Steve Bannon, appointed chief strategist and senior counselor to President-elect Donald Trump, arrives for the Presidential Inauguration of Trump at the U.S. Capitol on Jan. 20, 2017 in Washington, DC. 
Photo by Saul Loeb/Getty Images

Did Bannon share too much of the spotlight with Trump?

We know Donald Trump removed Stephen Bannon from his seat on the National Security Council this week. We're less clear on why.

The only version of events that's implausible is the one the White House is pushing. According to Team Trump, Bannon was only appointed to a full seat on the principals committee of the NSC to help keep an eye on Michael Flynn. That, of course, would suggest the president didn't trust his own National Security Advisor. And since Flynn resigned in February, it doesn't explain why it took so long for Bannon to be demoted.

The behind-the-scenes explanation, as reported by the New York Times, is much easier to believe.

Mr. Bannon resisted the move, even threatening at one point to quit if it went forward, according to a White House official who, like others, insisted on anonymity to discuss internal deliberations. [...]

Moreover, Mr. Bannon's Svengali-style reputation has chafed on a president who sees himself as the West Wing's only leading man. Several associates said the president had quietly expressed annoyance over the credit Mr. Bannon had received for setting the agenda -- and Mr. Trump was not pleased by the "President Bannon" puppet-master theme promoted by magazines, late-night talk shows and Twitter.

As if to prove the point, Steven Colbert said last night, "Steve Bannon was removed from the National Security Council. No word on when he'll step down from his role as president."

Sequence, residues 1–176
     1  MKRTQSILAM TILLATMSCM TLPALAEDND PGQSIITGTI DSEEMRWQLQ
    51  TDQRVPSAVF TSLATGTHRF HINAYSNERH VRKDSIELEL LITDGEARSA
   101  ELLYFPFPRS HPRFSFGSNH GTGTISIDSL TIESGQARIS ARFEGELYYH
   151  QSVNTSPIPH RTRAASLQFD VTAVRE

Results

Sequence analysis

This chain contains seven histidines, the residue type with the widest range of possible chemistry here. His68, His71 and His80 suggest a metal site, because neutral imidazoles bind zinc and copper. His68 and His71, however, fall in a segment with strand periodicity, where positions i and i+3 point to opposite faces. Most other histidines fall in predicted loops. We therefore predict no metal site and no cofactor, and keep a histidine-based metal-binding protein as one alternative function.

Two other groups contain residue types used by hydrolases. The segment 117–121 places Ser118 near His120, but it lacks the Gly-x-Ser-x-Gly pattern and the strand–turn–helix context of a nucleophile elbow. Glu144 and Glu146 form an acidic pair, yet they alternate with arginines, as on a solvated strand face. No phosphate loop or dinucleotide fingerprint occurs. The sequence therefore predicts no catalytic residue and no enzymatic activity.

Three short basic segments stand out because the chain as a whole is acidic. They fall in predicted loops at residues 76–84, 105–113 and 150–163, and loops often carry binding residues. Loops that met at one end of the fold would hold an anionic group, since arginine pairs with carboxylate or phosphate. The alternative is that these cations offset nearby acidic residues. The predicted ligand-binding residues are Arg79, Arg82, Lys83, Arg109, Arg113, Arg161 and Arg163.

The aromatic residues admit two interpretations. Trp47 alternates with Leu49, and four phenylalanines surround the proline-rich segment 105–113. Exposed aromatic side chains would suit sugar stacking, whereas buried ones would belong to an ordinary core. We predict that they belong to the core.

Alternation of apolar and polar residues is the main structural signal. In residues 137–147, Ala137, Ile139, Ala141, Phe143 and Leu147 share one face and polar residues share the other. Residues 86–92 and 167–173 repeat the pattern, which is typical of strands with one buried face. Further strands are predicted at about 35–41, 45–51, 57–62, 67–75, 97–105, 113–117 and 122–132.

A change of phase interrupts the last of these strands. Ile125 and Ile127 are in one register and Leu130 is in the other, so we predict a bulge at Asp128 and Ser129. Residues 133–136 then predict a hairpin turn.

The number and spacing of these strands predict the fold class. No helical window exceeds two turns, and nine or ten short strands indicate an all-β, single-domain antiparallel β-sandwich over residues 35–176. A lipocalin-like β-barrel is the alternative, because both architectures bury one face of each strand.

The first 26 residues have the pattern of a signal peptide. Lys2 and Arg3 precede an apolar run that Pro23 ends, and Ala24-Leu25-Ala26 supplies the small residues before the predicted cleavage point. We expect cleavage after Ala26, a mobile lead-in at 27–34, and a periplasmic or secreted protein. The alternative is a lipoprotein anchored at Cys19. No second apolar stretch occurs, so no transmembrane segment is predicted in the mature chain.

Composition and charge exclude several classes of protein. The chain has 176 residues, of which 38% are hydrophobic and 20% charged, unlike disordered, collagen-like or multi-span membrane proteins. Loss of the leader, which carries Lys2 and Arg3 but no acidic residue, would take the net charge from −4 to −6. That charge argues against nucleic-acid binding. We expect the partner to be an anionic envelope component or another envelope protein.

There was a joke that made the rounds in early February that Steve Bannon was in trouble in the White House because the aide was featured on the cover of Time magazine. Trump would be outraged, the joke went, because only he's allowed to be on the cover of Time magazine.

Two months later, perhaps there was something to this joke after all.

As for the scuttlebutt that Bannon considered resigning -- something the chief White House strategist publicly denies -- Politico reports that a Republican mega-donor recently had to convince Bannon to stay at his West Wing post.

Republican mega-donor Rebekah Mercer, a longtime Bannon confidante who became a prominent Trump supporter during the campaign, urged Bannon not to resign. "Rebekah Mercer prevailed upon him to stay," said one person familiar with the situation.

Another person familiar with the situation, a GOP operative who talks to Mercer, said: "Bekah tried to convince him that this is a long-term play."

Bannon has worked closely with Mercer not only at the right-wing website Breitbart News, where her family is a major investor and where he served as executive chairman until joining the Trump campaign in August, but also at Cambridge Analytica, the data-analytics firm owned largely by the Mercers. Bannon is a part owner of the firm, though he's trying to sell his stake, and until recently he served as vice president of the company's board.

Hmm. So, the Mercers haven't just played a role in elevating Trump and his team to the White House, and aren't just financing ads intended to boost Trump's popularity, they're also playing a direct role in keeping allied staffers in the West Wing -- as part of "a long-term play."

Good to know.